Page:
On June, 15th 2007, the website mentioned below was taken offline.
It is available at the Internet Archive.
The NSA of South Africa A few Baha’i youth unaffiliated with any institution of the Faith has have an interesting contribution to the world wide campaign mounted to bring attention to what is happening to the Iranian Baha’is (please refer to the comments section for clarification of edit). In about a subtle way as a charging rhinoceros, the site compares what is happening to the Baha’is in Iran to what happened to the blacks in South Africa during apartheid.
Now since the majority of those using the internet and reading blogs nowadays were not around then, it must be explained that the late 70′s was a rather politically charged era. Not only was Vietnam still fresh in people’s minds, but apartheid was a glaring eyesore on the political landscape. And as you would expect, many Baha’is felt that since it went directly against the bedrock values of the Baha’i Faith, they must do something about it.
A few of those kind of Baha’is were in California at that time and as luck would have it, they had just organized themselves into publishing a new magazine called Dialogue. Naturally, they felt that since this was such a popular topic in their time, they must address it within their newly created Baha’i magazine. What they got for their trouble is simply embarrassing (for the Baha’i administration involved). I’ll let Karen Bacquet describe what happened :
There were several disputes over articles: about a dozen were censored outright and dialogue was required to excise phrases in and alter the titles of others. The often slow and cumbersome review process also created real difficulties for the publication schedule.
The first major battle occurred over an article about the anti-apartheid movement. While Baha’i scripture teaches racial equality, Baha’is are expected to abstain from any political involvement. Scholl was warned that to criticize the South African policy of apartheid might endanger the Baha’i community in that country, even though the Baha’is’ failure to oppose this institutionalized racism created the impression that they supported it. In the end, the article was allowed to appear after several changes had been made.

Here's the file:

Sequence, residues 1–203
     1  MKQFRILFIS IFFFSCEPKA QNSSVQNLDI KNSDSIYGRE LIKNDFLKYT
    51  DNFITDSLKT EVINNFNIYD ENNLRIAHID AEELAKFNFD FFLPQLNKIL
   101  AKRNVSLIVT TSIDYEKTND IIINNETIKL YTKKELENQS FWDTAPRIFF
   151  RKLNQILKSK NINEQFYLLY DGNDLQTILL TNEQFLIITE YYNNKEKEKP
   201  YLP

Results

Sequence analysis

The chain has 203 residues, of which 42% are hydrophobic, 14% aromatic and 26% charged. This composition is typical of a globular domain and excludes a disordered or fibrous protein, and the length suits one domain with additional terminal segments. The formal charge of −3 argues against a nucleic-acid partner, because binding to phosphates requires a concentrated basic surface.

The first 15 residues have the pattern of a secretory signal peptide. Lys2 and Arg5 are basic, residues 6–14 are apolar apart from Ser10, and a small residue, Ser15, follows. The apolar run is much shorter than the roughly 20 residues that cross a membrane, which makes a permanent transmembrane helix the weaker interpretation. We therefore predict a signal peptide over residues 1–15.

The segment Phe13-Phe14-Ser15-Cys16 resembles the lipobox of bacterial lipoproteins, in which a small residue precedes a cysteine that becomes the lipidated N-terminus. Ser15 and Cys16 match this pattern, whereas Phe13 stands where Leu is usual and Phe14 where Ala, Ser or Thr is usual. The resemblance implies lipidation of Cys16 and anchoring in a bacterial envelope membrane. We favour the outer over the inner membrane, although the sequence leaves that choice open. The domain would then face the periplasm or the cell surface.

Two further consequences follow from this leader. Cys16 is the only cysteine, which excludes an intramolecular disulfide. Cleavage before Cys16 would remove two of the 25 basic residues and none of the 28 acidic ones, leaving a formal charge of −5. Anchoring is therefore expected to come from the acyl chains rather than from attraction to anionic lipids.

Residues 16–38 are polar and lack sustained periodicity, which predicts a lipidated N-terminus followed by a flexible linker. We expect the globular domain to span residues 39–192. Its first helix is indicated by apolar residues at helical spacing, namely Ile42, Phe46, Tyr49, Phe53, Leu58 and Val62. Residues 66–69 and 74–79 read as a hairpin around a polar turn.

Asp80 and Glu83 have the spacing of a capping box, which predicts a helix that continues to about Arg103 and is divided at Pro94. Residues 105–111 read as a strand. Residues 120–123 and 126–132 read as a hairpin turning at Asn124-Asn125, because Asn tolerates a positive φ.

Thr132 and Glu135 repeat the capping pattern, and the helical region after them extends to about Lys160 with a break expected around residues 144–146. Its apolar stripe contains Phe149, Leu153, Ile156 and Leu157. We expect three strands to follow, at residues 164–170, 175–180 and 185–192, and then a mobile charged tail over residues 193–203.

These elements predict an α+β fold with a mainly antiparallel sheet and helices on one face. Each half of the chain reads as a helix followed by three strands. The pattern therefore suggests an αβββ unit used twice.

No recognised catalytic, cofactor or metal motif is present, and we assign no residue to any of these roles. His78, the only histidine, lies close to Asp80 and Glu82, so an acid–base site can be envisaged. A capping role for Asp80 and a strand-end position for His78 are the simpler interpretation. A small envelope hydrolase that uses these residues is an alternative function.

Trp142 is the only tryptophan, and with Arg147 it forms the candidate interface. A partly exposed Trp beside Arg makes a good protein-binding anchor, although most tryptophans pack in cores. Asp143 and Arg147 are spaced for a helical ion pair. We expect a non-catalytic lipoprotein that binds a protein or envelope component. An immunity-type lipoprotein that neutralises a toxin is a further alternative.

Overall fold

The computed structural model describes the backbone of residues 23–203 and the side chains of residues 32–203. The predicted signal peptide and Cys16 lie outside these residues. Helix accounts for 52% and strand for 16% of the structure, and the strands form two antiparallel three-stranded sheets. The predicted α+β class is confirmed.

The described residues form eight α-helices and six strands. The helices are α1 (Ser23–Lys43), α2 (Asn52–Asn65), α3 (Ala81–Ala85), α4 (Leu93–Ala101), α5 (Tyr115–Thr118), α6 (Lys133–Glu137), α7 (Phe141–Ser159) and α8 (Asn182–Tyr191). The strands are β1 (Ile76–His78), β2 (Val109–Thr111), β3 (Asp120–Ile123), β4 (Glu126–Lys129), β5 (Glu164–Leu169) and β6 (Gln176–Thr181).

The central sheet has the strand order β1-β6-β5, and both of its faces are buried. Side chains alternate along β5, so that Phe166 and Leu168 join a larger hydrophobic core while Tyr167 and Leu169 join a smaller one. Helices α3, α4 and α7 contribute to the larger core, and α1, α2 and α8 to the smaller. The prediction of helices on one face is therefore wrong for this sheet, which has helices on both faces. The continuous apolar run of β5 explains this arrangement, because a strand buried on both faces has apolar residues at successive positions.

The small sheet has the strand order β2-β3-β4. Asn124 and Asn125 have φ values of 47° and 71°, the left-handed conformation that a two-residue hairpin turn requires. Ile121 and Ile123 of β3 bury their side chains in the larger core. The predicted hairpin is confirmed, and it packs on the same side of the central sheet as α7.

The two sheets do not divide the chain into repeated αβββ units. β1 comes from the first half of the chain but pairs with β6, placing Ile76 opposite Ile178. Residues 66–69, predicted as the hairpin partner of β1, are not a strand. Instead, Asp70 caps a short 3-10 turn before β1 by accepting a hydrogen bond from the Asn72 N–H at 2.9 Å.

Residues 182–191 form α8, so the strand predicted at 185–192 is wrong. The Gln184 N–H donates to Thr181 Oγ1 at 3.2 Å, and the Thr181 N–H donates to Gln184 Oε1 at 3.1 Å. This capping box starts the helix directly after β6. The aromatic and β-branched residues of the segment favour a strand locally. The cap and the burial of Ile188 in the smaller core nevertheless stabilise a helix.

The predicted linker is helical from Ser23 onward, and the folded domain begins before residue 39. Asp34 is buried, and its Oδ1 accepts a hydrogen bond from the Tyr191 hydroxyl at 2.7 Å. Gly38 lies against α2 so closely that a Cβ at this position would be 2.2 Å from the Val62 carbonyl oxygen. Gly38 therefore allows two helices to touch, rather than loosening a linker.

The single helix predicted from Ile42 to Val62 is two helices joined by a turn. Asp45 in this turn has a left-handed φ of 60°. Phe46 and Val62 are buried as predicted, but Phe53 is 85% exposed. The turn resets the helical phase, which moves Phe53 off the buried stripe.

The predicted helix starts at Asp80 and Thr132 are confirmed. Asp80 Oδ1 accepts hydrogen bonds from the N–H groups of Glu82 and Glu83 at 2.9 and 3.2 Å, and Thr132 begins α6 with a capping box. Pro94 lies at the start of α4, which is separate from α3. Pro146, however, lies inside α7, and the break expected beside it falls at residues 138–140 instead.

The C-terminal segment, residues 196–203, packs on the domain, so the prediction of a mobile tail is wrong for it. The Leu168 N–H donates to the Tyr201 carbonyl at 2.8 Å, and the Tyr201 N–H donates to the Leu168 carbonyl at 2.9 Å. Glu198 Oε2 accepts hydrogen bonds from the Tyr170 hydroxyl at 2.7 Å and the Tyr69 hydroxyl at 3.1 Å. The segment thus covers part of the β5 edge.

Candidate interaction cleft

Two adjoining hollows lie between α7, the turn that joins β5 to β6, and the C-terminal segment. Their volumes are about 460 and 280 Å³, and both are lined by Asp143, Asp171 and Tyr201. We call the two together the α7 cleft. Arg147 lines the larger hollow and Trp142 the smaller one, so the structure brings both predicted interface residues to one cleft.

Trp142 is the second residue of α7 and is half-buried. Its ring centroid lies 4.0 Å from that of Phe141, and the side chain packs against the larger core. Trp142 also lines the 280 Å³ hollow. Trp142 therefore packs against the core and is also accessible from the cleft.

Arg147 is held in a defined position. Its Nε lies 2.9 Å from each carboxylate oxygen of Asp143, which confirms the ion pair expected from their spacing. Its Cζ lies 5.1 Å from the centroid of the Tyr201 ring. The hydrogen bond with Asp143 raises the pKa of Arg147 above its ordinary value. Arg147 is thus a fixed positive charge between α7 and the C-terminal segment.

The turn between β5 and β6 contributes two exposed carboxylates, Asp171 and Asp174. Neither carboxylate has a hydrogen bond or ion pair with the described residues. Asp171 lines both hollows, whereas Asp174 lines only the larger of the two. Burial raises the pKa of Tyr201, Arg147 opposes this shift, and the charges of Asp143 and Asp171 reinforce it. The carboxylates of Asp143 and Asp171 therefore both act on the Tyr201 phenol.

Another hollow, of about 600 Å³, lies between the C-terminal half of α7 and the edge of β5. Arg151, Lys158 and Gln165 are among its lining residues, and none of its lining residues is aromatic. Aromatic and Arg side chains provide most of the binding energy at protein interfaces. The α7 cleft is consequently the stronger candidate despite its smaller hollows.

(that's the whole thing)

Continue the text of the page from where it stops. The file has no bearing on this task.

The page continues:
So while the apartheid was raging, Baha’is were not allowed to make a peep about it. Nor do anything or say anything against it… even though it went against everything that the Baha’i Faith stands for. Baha’is were gagged by their respective NSAs and something as simple as an article could not pass censors because it opposed apartheid.
Which makes this part of the website
created by the NSA of SA especially interesting:
“…like so many…” Indeed.
But now, now that apartheid is over… and by over, I mean that Baha’is stood on the sidelines and did nothing nor contributed anything to its demise… I guess its alright for
the NSA of SA some of us to use it in a rhetorical technique to draw attention to the suffering of Iranian Baha’is.
A final thought: Dialogue was pressured so much over an incident (A Modest Proposal) that the founders could do nothing but shut it down with a heavy heart.
Intensifying Persecutions in Iran
The Return of the Hojjatieh
Universal House of Justice message of March 22, 2006 (English)
Universal House of Justice message of March 22, 2006 (Persian)
Statement from the Office of the United Nations High Commissioner for Human Rights